A colleague has likened the gold mineralization at VOK to raisin bread, (Fig. 3): slice it too thin (low throughput rate), and you might not get any raisins (gold). To avoid missing out on extracting enough ounces, the underground throughput rate for the VOK deposit is fairly high (2,700 tonnes per day) and may get even higher (+40%, 3,800 tonnes per day). Although the bigger the slice, the higher the probability one will get a raisin, this comes at a cost with more dilution. No knowing where the raisins (gold) are guarantees Pretium’s quarterly production will be highly variable and unpredictable.
(Figure 3: Raisin bread [left] and very high grade gold mineralization from the Valley of the Kings [right], Source: Pretium Resources)
A few more examples - Too many to cover!
Trust no one, check everything
Flawed estimations of mineral resources are one of the primary causes of investor strife and recurring nightmares. Many investors in the mining sector, especially the gold sector where the goal is to extract parts per million, don’t recognize the impact of this risk when looking for new opportunities.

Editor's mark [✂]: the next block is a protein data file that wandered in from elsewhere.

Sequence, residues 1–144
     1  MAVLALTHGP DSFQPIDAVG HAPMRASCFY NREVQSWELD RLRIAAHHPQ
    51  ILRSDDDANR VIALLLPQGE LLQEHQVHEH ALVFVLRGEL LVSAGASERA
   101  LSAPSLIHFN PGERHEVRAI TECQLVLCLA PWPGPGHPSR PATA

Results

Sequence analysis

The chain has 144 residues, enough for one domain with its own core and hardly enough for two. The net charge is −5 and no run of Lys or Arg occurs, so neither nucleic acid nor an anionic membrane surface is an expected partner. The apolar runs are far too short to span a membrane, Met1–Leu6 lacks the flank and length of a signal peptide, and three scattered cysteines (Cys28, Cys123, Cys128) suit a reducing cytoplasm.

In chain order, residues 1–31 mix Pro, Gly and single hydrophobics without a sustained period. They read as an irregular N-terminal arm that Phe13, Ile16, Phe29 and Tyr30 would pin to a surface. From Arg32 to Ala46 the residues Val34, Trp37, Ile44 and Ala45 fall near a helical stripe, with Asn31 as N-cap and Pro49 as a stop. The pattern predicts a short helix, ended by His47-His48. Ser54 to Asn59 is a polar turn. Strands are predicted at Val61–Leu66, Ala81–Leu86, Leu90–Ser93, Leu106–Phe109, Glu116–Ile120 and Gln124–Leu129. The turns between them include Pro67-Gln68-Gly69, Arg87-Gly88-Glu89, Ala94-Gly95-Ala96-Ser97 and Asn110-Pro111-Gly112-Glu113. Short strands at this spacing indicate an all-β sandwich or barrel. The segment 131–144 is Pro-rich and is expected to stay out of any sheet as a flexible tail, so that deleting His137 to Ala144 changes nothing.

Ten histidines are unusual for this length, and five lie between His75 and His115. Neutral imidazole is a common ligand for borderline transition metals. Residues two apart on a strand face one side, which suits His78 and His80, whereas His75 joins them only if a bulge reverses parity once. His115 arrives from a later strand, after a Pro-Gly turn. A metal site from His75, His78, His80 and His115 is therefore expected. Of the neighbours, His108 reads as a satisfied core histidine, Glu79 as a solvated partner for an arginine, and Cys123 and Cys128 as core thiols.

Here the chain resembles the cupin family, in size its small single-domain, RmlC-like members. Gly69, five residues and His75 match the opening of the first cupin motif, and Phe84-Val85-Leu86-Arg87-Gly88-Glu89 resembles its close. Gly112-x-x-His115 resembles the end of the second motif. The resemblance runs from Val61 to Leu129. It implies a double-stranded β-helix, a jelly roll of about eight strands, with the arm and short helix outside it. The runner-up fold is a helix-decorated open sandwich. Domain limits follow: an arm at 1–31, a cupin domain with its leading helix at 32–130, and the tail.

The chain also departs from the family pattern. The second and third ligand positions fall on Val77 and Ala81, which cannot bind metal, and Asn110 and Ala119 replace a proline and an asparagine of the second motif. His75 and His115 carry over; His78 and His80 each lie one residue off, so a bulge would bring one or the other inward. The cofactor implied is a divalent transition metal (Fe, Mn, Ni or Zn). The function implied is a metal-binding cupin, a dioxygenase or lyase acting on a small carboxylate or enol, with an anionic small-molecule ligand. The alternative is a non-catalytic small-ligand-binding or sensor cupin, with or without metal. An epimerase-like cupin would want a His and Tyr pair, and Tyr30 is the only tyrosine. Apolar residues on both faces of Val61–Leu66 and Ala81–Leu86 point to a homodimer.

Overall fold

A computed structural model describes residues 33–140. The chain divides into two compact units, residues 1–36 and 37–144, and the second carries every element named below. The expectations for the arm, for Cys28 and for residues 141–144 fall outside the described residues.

After spending the time reviewing these cases and discussing the topic with people that estimate mineral resources for a living, we put together a list of factors that we think directly impact mineral resource estimates and can serve as a guide for investors looking for potential flaws in a project:
In our case, we tend to avoid pointing fingers at the consultants when a resource estimate goes wrong and instead prefer to lay the blame squarely on the company that hired them.
That’s the way we see it,